Opening 23 Aug 2007
Not only the winner of the Golden Bear in 2007, but the NetPac prize as well, and how could it be otherwise. Wang Quan’an manages to capture a part of the one of the vanishing ethnic cultures in Inner Mongolia in a wonderful and humorous tale of a hardworking sheep herder. Although Tuya (Yan Nan) raises two children with a disabled husband, she refuses to change her way of life since she loves the desert. She has an accident making her unable to do the hard work alone. She is given advice to divorce her husband and marry another. But will the new husband take care of the old one? After her divorce, many suitors come from out of nowhere, but in each case the men want the husband to go away. That seems to be logical to most people, but Tuya has a strong sense of who she is and is not willing to sacrifice her husband due to his illness. Tuya is constantly saving Senge, who is a clumsy farmer with a bossy wife who runs off with other men. He finally gets a divorce and sets his sights for Tuya, but first he has to convince her of his honorable intentions. The film is wonderful, and the smallest scenes are full of inner Mongolians' ways of life and the laughter which makes these people endearing.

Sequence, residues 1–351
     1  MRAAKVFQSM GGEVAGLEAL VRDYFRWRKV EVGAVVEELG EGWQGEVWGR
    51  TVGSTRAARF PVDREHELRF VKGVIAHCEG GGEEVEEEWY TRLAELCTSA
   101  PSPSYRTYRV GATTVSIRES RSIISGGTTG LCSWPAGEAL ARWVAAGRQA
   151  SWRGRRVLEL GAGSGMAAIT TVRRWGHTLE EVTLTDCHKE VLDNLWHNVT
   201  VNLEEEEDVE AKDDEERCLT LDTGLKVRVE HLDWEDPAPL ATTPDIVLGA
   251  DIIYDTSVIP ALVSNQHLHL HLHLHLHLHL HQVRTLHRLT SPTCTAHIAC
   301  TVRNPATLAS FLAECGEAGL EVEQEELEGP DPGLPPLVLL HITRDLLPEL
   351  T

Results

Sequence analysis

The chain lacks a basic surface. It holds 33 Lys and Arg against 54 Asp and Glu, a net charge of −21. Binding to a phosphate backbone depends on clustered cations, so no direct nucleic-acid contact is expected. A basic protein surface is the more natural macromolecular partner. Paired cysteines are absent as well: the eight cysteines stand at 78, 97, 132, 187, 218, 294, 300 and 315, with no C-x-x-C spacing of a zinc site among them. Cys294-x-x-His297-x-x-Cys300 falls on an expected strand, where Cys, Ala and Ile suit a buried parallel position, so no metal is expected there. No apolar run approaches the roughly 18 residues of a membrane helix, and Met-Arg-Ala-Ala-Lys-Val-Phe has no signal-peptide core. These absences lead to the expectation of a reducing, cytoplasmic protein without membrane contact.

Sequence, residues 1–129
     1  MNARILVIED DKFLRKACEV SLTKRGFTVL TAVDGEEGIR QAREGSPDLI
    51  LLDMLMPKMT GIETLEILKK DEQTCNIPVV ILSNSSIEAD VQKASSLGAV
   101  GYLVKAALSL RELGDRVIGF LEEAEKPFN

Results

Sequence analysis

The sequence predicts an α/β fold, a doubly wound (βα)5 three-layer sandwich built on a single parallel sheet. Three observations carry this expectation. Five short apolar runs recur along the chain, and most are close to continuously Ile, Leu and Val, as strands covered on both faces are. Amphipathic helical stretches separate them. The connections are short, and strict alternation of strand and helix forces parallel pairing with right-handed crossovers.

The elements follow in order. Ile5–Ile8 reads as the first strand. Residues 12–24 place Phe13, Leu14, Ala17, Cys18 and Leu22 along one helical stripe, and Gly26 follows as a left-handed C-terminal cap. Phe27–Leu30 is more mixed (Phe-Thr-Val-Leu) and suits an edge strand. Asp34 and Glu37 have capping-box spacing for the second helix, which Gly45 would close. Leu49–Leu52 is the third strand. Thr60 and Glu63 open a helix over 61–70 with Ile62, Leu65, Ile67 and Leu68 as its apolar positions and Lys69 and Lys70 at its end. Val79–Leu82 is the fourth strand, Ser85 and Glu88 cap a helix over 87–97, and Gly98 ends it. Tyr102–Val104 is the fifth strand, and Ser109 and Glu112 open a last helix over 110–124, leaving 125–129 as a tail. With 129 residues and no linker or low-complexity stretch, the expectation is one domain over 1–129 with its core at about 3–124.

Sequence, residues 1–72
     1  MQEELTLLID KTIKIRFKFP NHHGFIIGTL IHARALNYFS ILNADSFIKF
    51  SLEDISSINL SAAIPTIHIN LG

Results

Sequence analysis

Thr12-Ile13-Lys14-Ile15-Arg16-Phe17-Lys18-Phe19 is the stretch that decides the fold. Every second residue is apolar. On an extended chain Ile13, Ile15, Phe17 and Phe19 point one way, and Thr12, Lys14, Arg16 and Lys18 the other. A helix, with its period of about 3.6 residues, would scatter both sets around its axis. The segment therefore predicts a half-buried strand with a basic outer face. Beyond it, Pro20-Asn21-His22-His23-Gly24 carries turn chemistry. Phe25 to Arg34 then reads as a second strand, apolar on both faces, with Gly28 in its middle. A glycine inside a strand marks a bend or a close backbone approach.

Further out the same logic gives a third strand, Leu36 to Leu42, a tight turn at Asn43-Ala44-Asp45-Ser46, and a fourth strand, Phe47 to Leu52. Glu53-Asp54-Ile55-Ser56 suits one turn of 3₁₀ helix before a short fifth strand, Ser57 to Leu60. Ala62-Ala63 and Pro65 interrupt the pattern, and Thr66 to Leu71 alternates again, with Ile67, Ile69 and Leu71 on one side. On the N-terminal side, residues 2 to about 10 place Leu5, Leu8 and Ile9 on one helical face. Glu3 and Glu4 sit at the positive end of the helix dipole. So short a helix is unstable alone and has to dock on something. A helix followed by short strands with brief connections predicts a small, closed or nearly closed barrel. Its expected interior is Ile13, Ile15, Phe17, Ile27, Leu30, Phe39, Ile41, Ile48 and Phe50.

This film won first prize (Golden Bear) at the 2007 Berlinale. At the press conference, Quan’an said his mother was born near the location where they filmed. What was interesting was to actually see the actress Yan Nan. She is not only a slight and small but a beautiful Chinese woman dressed in fancy modern clothes. It was hard to imagine her transformation into this strong-willed inner Mongolian sheep herder, riding camels and lugging buckets of water across this rough landscape. She said they had to live for months there and learn how to ride a camel; she tried to integrate in the way of life there. Some actual Mongolians from the area had to travel two days to get to the set each time. Quan'an was asked how he feels about the recognition that he gets abroad compared to China. His films are not popular in China, yet he often receives awards from foreign festivals. He considers himself a historian who captures this vanishing part of history which China tries to modernize. Most people focus on the future of China and do not look backwards as to what was wonderful about China. We are lucky that Quan’an has this foresight since China is changing so fast, and most likely all these traditions will be gone in the next ten years. His next film will take place in Xian, home to a Moslem community. (Shelly Schoeneshoefer)